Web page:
Friday, 16 August 2013

Space Hulk PC Game Guest Review by Matt Clarke

OK, so. Space Hulk. As the original board game is what got me into Games Workshop in the first place you could say that I have a slight attachment to this game. I spent hours paying the old game with those atrocious plastic Terminators and countless shoebox-wielding helpless Astartes 'veterans' perished at my teenage paws. Well, the Deathwing expansion rolled around and I grabbed that m0f0 with both hands and got stuck into the psykers, rubble, assault cannons, multi-level maps, power fist-mounted grenade launchers (oh I miss those, the Terminator Captain model was magnificent), chain fists, lightning claws, thunder hammers...oh, you get the drift. Along with this was the revelation of metal Terminators! Rejoice; no more hunched slopey plastic atrocities for now I had detailed metal chaps to send to their doom instead! And the Deathwing story was excellent. Following that there was the Genestealer expansion with hybrids, conversion beamers, autocannons, missile launchers, 'Stealer psykers...but we don't care about them so much...aaand theeeen was the Space Hulk Campaigns book with rules for Marines in power armour and all sorts of excellent stuff. I still couldn't really justify making up rules for using my thudd gun in there though...

ANYWAY, after the board games were the old Amiga & PC computer games versions of Space Hulk and man, the first of these damn things was a beautifully presented exercise in frustration that could only be the infernal spoor of some wretched sadist. It was great, but had a bit of a shelf life as there were only so many times that you could see your squad's camera feeds fill up with Genestealer faces followed by claws and static. Unforgiving ain't the word and the second one I vaguely remember being pretty similar. Roll on the last half of 2013...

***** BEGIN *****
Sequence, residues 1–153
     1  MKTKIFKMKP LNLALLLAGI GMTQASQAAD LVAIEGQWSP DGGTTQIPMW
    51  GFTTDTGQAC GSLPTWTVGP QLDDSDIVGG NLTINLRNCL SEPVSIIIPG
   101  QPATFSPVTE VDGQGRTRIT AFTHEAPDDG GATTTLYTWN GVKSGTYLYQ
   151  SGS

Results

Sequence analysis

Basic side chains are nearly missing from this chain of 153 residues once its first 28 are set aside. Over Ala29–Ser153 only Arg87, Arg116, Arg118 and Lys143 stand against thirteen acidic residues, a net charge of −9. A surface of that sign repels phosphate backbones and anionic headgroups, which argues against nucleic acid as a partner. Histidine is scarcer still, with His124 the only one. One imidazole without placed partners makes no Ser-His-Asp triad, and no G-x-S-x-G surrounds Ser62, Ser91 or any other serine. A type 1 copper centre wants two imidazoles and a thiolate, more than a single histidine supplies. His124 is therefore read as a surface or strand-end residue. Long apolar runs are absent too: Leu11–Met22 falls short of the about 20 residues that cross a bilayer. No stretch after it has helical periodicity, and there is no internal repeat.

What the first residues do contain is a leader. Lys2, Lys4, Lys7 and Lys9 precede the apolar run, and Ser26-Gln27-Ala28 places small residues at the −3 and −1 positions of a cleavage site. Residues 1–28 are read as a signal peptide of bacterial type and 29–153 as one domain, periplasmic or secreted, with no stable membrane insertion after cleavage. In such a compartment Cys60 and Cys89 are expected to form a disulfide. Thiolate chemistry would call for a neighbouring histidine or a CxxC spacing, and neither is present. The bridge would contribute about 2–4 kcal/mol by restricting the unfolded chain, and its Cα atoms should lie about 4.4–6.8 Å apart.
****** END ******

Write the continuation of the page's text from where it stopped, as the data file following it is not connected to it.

Today saw the release of the third digital incarnation of Troll Hulk, courtesy of the Danes over at Full Control. Straight up: I've never heard of them! Checking them out reveals that they focus on pick-up strategy games for the older gamer who may not have hours to sink into the latest FPS or MMO which makes them sound like they're perfect to develop the mission-based Space Hulk without an insane budget. And to be fair, I think they've done a pretty top-notch job. The game is clearly based on the most recent 2009 limited edition version of the board game with the Terminators at your...disposal...lifted straight from the miniatures from that game, complete with the same names. The game kicks off with a menu screen which was displayed in my TFT's native HD 1920x1080 full-screen res with no graphics faffery on my part at all, which was refreshing. From there you can check out the three gameplay types of single-player Campaign, Hot Seat multiplayer and online Multiplayer, faff with graphical, audio & gameplay options and check your eDong Steam achievements.